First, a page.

- Homework -- Corrected writing samples ready to be returned. All other work corrected with immediate student feedback at weekly tutoring appointments.
- For Telecourses -- Additional work samples to document progress and copies of all returned-by-mail tests.
Because many educators and policy makers are still skeptical about distance learning, there should be a strong emphasis on documenting mastery as well as user satisfaction on learning services received.
In California independent study refers to a program that permits students to take high school subjects through individualized learning. The model calls for the student and teacher to create a quasi informal contract where both parties agree to certain outcomes and activities. Regular meetings to review progress and assignments are central to the agreement.
Independent study is very similar to distance learning but for the most part has not relied on instructional media to deliver the instruction. Adult secondary education can be delivered via distance learning. It is not subject to the Innovation Program limitations. However, the normal procedures and documentation that apply to the independent study programs apply equally to the distance learning Innovation Programs.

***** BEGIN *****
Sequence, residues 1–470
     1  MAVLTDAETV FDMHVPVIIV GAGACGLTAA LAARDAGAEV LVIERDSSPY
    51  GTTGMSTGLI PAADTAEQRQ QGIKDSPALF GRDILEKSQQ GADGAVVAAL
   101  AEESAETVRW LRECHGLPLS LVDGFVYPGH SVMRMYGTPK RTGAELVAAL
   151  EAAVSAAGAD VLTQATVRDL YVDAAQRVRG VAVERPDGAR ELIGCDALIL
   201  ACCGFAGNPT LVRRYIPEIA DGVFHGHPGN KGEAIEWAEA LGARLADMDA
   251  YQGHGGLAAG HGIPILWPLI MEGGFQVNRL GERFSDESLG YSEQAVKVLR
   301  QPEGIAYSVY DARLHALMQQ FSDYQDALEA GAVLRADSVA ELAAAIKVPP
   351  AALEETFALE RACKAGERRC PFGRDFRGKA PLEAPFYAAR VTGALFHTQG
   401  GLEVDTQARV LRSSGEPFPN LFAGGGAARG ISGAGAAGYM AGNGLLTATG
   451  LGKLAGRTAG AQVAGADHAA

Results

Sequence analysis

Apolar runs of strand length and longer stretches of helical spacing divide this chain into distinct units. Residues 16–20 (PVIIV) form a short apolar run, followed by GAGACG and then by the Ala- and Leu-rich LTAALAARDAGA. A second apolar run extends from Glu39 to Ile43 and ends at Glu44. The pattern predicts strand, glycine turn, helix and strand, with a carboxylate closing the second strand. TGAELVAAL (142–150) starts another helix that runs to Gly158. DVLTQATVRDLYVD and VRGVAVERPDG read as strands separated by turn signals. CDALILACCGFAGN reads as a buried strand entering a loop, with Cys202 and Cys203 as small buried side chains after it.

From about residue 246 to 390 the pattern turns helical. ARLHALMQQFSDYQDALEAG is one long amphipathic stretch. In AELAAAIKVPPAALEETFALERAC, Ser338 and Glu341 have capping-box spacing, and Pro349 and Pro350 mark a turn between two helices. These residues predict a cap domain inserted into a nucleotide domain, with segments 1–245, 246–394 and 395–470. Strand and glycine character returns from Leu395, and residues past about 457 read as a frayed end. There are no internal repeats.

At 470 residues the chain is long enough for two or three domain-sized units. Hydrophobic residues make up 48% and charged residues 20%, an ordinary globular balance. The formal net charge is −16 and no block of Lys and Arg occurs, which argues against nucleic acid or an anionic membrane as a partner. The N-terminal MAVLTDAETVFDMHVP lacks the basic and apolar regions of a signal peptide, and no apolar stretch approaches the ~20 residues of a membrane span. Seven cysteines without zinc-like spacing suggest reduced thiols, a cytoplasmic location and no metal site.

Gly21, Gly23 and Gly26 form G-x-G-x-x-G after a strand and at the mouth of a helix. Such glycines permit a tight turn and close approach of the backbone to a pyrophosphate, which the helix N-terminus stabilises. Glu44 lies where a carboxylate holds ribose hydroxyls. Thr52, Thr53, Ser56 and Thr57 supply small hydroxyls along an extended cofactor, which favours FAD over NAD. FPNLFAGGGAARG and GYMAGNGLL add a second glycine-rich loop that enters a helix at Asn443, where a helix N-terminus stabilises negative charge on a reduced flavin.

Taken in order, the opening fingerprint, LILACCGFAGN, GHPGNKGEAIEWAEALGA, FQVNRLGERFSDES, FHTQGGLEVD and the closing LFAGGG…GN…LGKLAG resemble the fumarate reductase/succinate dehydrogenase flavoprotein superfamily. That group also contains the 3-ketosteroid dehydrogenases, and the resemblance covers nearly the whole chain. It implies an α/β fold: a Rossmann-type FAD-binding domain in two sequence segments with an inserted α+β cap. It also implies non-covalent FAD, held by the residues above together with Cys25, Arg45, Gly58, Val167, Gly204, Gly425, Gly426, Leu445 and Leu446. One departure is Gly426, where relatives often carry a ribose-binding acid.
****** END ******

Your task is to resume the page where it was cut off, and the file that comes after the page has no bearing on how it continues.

Conceptually, the model of a good independent study program is an equally good model for distance learning. It should not be trivialized by minimizing the role of the instructor.
- an individual agreement defines the roles and responsibilities of the learner and the instructor;
- regular communications between the learner and instructor are defined, and procedures to review progress are defined,
- learner progress is documented using standardized and alternative assessment tools
- other expectations for each party are articulated.
The curriculum design must be based on the approved course outline.